COVID-19 and Sex Work: A Labour and Health Perspective
May 21, 2020
This guest update is from Living in Community (LIC), an innovative community initiative that brings together different groups who are impacted by or have an impact on sex work: current and former sex workers, sex work support and advocacy organizations, Indigenous groups, health organizations, law enforcement, business, all levels of government, and social service organizations. The LIC model is an integrated way to improve the health, well-being and safety of all community members who are impacted by sex work, from sex workers themselves to businesses, community organizations, and residents.
LIC was pleased to see MoveUP’s position in support of the decriminalization of sex work this past December. As MoveUP members know, sex work is work, and sex workers need access to the same labour protections as other workers.
Like many other workers, the COVID-19 pandemic has had devastating impacts for sex workers. While precarious and unsafe work have been steadily increasing for years, this global health crisis rapidly revealed the problems when all workers do not have safe and healthy work environments – including sex workers.
Sex work is the exchange of money or sexual services provided by a consenting adult. It can include escorting, street-based sex work, cam work, cyber sex, exotic dancing, pornography, and more. Sex workers were among the first to see a sudden loss of income due to COVID-19 and are struggling to get through each day. While some sex workers have been able to pivot to online work or find alternative sources of income, not all sex workers have such flexibility. Im/migrant and street-based sex workers in particular have faced a total loss of income, and racism and xenophobia have led to even greater discrimination against im/migrant sex workers and sex workers of colour.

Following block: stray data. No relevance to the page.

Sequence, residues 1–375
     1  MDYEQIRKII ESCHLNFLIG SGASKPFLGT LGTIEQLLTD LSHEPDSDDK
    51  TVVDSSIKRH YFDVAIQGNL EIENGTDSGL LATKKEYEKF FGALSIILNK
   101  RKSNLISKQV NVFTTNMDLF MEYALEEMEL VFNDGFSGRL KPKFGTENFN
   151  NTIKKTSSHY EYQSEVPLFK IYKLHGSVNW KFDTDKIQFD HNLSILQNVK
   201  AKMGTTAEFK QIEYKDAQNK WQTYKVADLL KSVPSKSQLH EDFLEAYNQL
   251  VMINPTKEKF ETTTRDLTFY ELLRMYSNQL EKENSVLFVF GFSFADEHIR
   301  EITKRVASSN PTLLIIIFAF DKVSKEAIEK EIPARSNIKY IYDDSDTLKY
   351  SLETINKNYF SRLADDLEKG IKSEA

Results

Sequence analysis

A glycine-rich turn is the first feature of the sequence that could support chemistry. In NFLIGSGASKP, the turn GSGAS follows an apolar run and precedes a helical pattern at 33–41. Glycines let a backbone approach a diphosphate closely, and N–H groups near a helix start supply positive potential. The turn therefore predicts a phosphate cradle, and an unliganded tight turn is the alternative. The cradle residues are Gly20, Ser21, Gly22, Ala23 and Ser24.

Further, as self-employed workers, many sex workers are not eligible for Employment Insurance or paid sick leave to protect their health and that of others. While government supports like the Canada Emergency Response Benefit and the BC Emergency Benefit for Workers are providing important stop-gaps for many, the eligibility criteria and application processes make them inaccessible for many sex workers including those who are street-based or reliant on cash for survival.
In response to these needs, Living in Community has been working with our Vancouver-based and provincial partners to advocate to the federal and provincial governments to ensure that sex workers are included in both emergency supports and long-term policies.
As long as sex work remains criminalized, sex workers experience barriers to doing their work safely and receiving worker supports when needed.
To learn more about Living in Community and about a sex workers’ rights-based approach sex work, visit our website at www.livingincommunity.ca. Stay connected with MoveUP’s work on decriminalization by visiting moveuptogether.ca/safesexwork.